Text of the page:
Bitcoin (BTC-USD) watchers got huge news today. After years in the making, the ruling is in on a spot Bitcoin ETF. After a false start yesterday when the SEC’s Twitter was hacked, the agency voted to approve Grayscale Investment’s application to convert its ~$27 billion closed-end Bitcoin fund (OTC:GBTC) into an ETF, along with a slew of other providers, including BlackRock and Ark Invest. This ruling means millions of U.S. investors will now be able to buy Bitcoin with the click of a button and with the fee structure of an index fund. Public interest is massive, with the Bitcoin ETF being the top trending topic on Twitter for most of the past few days.
What’s next? The ETFs should begin trading in the morning. Upon conversion, Grayscale’s Bitcoin Trust will redeem shares until it trades at net asset value, finishing the final step in unlocking the billions of dollars in dead money that was trapped inside the fund. The ruling also brings competition to the fund space–new funds are coming onto the market for a fraction of the fees of Grayscale, giving investors who bought low the opportunity and sell high on Grayscale, and swap it out for a low-cost Bitcoin ETF. Worried about deferring taxes? As long as you’ve held for at least 12 months, finance theory strongly supports switching to a lower-cost fund. For holders in GBTC, the past couple of years have been an up-and-down odyssey, but one that ended with a favorable resolution. Bitcoin itself has been ramping up with investor enthusiasm building ahead of the ETF approval and the 2024 halving event, but investors may want to be cautious not to chase the price higher.
Bitcoin ETF Approvals (With Fee Structures):
The SEC approved the ETF applications at once to allow some free market competition on fees, this successfully has prompted market participants to cut fees to attract assets. A price war has developed among ETF issuers, with the latest fee schedules below.
What Do Spot Bitcoin ETFs Mean For Bitcoin Going Forward?
In a vacuum, having spot Bitcoin ETFs creates a clear boost in demand for Bitcoin. The most common question I’ve received over the years about Bitcoin from investors is how they can buy it. The lack of a spot ETF had the effect of suppressing demand from investors, who bought less Bitcoin than they would otherwise or didn’t buy at all because they weren’t comfortable with the options.
Previous options included buying on platforms like Coinbase (with high transaction fees), buying on platforms like BlockFi or Celsius (fortunately, I pulled my deposits out before they collapsed), or the Bitcoin Futures ETF (BITO), which has underperformed Bitcoin by roughly 3.5% annually since inception, likely due to structural issues with trading futures for large size. I believed GBTC was the best way to buy Bitcoin at the time due to the big discount to net asset value, and it seems that this was proven correct. However, as I mentioned before, GBTC already has a lot of assets and their management fees aren’t competitive to buy the fund without a steep discount to NAV. Therefore, I think your best bet is likely going to be to plug your money into the iShares Bitcoin Fund (IBIT) at a 0.12% initial expense ratio. Cathie Wood’s Ark Bitcoin Fund (ARKB) will also be a contender– they’re offering a full waiver on fees for 6 months.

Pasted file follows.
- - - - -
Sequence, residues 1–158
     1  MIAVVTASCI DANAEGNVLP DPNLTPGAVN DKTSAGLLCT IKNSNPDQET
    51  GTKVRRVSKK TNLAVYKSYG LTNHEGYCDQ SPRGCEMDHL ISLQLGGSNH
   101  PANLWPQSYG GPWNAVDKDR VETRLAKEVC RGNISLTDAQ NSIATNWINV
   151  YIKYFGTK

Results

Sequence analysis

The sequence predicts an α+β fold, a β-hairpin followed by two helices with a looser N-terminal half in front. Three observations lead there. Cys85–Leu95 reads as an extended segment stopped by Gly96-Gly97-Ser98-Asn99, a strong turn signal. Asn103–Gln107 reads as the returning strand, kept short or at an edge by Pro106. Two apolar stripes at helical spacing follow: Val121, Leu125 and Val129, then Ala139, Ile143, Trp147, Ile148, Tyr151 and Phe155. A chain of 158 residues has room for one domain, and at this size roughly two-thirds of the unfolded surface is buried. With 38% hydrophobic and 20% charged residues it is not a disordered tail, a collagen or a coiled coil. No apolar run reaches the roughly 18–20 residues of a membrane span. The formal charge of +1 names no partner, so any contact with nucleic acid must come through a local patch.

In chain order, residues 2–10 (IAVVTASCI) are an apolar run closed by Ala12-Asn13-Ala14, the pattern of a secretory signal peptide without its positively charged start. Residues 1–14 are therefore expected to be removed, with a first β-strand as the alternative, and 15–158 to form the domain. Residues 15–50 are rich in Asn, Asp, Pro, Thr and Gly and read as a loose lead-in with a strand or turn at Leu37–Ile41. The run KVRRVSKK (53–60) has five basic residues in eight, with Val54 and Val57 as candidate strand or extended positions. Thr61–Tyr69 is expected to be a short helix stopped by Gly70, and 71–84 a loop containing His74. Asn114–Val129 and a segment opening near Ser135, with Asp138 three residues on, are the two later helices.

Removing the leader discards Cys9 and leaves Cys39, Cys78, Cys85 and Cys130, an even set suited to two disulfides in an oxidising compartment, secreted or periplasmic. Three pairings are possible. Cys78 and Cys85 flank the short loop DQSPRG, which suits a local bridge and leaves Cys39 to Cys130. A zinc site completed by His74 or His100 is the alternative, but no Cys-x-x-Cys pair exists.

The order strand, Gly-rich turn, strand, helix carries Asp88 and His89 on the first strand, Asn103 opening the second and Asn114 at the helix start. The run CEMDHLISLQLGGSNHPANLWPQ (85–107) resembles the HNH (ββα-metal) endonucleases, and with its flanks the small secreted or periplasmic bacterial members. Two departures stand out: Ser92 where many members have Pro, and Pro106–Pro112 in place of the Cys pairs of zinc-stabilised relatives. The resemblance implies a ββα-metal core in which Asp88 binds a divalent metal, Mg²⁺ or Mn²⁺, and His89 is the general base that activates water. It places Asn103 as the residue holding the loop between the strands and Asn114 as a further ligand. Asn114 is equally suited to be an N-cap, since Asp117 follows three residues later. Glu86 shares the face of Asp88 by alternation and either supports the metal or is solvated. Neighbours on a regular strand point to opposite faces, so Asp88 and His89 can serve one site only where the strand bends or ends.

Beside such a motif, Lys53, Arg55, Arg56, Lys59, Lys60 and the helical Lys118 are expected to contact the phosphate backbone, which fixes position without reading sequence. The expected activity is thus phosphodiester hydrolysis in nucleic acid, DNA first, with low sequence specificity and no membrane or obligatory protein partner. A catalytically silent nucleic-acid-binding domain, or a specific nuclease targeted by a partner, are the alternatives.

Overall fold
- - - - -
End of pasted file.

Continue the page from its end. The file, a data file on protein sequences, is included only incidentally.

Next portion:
Now, about Bitcoin itself. Everyone and their brother seems to have bought Bitcoin before the ETF approval, and a lot of this hot money is going to look to cash out. This was obvious from the big price swings when the SEC’s Twitter account got hacked yesterday. and If the supply from speculators cashing in exceeds the demand from new investors pumping money into the ETFs, then the price is likely to fall. On the other hand, the supply of Bitcoin is rather limited, so small changes in demand can cause big ramps in price. In a previous piece, I covered how the price of gold is surprisingly correlated to how much of it is being mined at any given time. If this holds true for BTC (and it has historically), 2024 could be a surprisingly good year.
On balance, if you own GBTC, you’re going to want to cash in anyway to move to a lower-fee ETF, so it’s potentially a good time to take profits. I believe that Bitcoin is likely to trade to $100,000+ over time because having an alternative to central bank currencies is super valuable. However, the path to get there is likely to have plenty of twists and turns, so taking some profits after the GTBC conversion is likely prudent, as is dollar-cost averaging into Bitcoin for new investors.
Not sure how much to allocate to Bitcoin? First, allocate whatever you’re comfortable with, not an arbitrary number like 10%. Second, modern portfolio theory suggests that a good starting point is to match the weight of the asset relative to its market value in the investible global financial markets. An approach taken by quant and former risk manager Aaron Brown is to allocate a constant 2% to Bitcoin, buying more when it drops and selling when it rises. He wrote in 2021 that this strategy made him 40% of his total wealth over time with only 2% at risk at any given time. Other investors are more bullish, with Tom Lee calling for Bitcoin to hit $500,000. I don’t foresee 10x returns for Bitcoin in the next few years, but I do see nice value, albeit with more required price sensitivity than the biggest bulls in the market.
Today’s ruling is a watershed moment for Bitcoin. The emergence of spot Bitcoin ETFs creates the infrastructure for millions of investors to adopt Bitcoin as an asset class. If you bought GBTC for the discount, then congrats on the win. You can now consider swapping it for a lower-fee ETF. If you don’t own any Bitcoin, there’s no need to be panic buying now, but consider allocating money over time to the iShares Spot Bitcoin fund for the long-run potential for Bitcoin to serve as a store of wealth outside of central bank control.
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